But there is one topic where I never feel like they are tracking with me—there is one theological bone they just can’t seem to swallow. And that is the doctrine of sin. When I try to explain that Christians have traditionally believed that human beings are deeply flawed from birth, and furthermore that God is profoundly unhappy about these flaws, I watch my students’ eyes grow skeptical. I watch their postures shift the way students always do when they disagree with what you are telling them. Not all of the students disagree, but many do. It is the annual skeptical moment in these lectures.

And as a teacher it is a difficult situation. What do I do to overcome their skepticism, at least enough for them to develop a little bit of understanding for why so many Christians have found the doctrine plausible through the years?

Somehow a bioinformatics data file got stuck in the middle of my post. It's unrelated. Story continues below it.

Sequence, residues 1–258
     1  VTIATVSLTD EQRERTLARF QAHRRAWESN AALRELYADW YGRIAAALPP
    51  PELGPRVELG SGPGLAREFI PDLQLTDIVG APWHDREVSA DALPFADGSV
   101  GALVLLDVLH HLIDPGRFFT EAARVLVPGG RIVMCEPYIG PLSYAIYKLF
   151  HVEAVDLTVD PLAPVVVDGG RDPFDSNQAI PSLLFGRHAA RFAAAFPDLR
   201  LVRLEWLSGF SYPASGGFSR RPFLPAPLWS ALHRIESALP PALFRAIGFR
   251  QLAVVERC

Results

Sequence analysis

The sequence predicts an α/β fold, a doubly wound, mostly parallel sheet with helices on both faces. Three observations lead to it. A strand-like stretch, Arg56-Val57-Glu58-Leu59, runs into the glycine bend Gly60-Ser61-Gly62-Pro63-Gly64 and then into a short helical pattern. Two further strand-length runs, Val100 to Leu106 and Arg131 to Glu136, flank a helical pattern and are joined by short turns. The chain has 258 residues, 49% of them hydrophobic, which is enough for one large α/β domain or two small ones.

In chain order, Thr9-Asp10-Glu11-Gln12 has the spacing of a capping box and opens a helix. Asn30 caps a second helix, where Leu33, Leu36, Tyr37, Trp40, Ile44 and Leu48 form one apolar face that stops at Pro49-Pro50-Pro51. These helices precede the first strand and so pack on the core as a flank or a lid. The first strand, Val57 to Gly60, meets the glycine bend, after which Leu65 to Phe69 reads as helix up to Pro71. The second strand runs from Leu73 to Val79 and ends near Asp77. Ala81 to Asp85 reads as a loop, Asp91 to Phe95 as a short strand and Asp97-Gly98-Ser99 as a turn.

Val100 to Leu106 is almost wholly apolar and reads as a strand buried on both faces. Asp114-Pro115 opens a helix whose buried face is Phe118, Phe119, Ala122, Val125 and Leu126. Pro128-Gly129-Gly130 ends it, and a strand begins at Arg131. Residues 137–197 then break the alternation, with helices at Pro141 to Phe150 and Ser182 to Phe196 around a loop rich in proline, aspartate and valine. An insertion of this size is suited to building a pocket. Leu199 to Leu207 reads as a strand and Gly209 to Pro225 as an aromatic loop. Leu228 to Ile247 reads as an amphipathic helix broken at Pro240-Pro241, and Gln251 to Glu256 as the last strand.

Do I recite statistics about the World Wars and genocide and human trafficking and basically just rhetorically pound them into submission? But then they’ll just think of sin as a big, angry abstraction, and they won’t actually understand it the way that Christian theology does.

So do I go personal instead, try to get them to engage in some self-analysis? Something like, “Let’s reflect on the not-so-good parts of how your parents treated you growing up,” or “Think back to a time when you were really hurt by somebody,” or “Let’s think about just how quickly your principles fade when a lot of money is at stake, or when you fall in love with someone else.” By instinct I know that this kind of thing is probably the most effective way to talk about sin, if I really want them to see why it might be worth taking seriously as an idea. But frankly, this strategy is flying pretty close to the sun in a public university. As a teacher, it is dangerous ground to set yourself up as your students’ therapist. And this is particularly the case when it comes to religion—a professor, including a theology professor, is not and should not be a preacher, or an evangelist, for a number of good reasons.